Headline and Article from the AP Wire:
If this proposal makes on to the November ? ballot, this vote will be worth following.Their proposal to replace the viaduct with a major tunnel has critics pointing to Boston, where another ambitious highway project stampeded past deadlines and cost estimates.
Tunnel supporters dismiss such dire predictions, and believe they could gain a crucial stamp of public approval if the City Council agrees to hold a citywide vote on the tunnel this fall.
Seattle and Boston have the same yearning: to reclaim the views and property values scarred by Cold War-era elevated highways. Boston built a series of tunnels at a cost of $14.6 billion, the most expensive highway project in U.S. history.
"The Big Dig now has become almost a mythical thing in the American public works landscape, for good and for ill," MacDonald said.
The viaduct definitely is a liability. Built in the 1950s, it was damaged in a 6.8-magnitude earthquake in 2001, and engineers warn it could collapse in another temblor.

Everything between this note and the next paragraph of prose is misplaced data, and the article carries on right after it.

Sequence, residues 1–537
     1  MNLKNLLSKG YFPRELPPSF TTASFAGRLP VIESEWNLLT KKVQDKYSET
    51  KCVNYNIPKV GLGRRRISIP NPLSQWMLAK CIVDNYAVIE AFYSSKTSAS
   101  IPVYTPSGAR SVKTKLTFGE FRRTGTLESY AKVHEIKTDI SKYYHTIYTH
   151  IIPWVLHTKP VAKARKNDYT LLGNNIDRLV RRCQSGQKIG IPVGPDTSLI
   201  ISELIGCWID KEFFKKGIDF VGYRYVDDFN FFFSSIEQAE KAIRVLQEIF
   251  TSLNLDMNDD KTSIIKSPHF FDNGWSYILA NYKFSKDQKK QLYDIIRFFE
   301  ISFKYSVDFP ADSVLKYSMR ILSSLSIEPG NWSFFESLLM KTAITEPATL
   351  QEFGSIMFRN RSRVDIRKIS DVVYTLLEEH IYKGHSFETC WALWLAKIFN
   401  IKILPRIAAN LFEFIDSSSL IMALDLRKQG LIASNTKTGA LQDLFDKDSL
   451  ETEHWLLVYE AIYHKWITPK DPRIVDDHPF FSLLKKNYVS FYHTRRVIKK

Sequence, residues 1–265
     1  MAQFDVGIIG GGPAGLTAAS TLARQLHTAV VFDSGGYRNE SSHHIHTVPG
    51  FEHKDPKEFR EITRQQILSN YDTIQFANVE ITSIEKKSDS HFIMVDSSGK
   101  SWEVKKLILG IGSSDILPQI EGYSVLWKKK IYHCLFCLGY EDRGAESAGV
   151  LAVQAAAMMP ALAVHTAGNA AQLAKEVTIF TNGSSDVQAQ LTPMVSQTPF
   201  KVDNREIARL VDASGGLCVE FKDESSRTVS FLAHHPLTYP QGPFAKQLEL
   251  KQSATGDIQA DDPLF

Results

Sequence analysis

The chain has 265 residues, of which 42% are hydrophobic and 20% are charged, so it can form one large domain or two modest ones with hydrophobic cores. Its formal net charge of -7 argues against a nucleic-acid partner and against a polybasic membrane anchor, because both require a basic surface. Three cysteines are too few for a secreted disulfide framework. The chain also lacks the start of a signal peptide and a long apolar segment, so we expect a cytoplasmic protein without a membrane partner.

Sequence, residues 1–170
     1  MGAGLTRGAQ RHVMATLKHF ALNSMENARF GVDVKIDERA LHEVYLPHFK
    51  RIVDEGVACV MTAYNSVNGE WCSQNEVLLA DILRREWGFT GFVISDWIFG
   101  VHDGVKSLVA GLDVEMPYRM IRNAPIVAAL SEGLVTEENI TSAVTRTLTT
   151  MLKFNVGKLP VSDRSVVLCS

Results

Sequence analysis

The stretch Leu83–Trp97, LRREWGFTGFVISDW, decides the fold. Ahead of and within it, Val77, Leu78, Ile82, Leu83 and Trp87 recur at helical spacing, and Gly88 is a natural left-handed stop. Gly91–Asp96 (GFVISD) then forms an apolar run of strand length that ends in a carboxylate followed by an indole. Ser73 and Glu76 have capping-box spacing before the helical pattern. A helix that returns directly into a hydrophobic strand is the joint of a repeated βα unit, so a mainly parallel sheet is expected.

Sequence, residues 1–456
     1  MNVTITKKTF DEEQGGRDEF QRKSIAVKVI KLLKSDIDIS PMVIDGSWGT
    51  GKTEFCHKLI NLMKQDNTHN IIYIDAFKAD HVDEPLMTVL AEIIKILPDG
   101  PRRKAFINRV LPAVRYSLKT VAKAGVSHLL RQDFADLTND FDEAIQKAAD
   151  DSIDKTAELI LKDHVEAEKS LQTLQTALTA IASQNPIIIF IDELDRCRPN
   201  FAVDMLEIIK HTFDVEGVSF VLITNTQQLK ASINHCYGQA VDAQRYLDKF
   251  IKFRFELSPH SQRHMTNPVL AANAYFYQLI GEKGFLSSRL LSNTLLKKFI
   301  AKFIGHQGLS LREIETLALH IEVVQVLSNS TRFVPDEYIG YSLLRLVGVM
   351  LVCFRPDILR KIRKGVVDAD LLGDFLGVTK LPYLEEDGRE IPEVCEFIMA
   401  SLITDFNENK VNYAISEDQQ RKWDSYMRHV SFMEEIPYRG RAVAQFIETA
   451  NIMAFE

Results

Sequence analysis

On the Net:
State DOT: http://www.wsdot.wa.gov/Projects/Viaduct
Nickels' viaduct plans: http://www.seattle.gov/mayor/issues/viaduct/
Being twin decked remember what happened on Oakland, CA twin decked highway in the World Series Earthquake
(1989), reasonable to replace it but according to the article the controlling factor is the volume of traffic.
This also fits the thread on urban waterfronts.
The Alaskan Way Viaduct shuttles more than 100,000 automobiles each day on twin concrete decks that soar above the sparkling waterfront. The highway is also drab, rickety and outdated, and Mayor Greg Nickels and his allies want to bury it.
Nickels' more modest plan in Seattle would consist of a single tunnel topped by an urban park and commercial zone.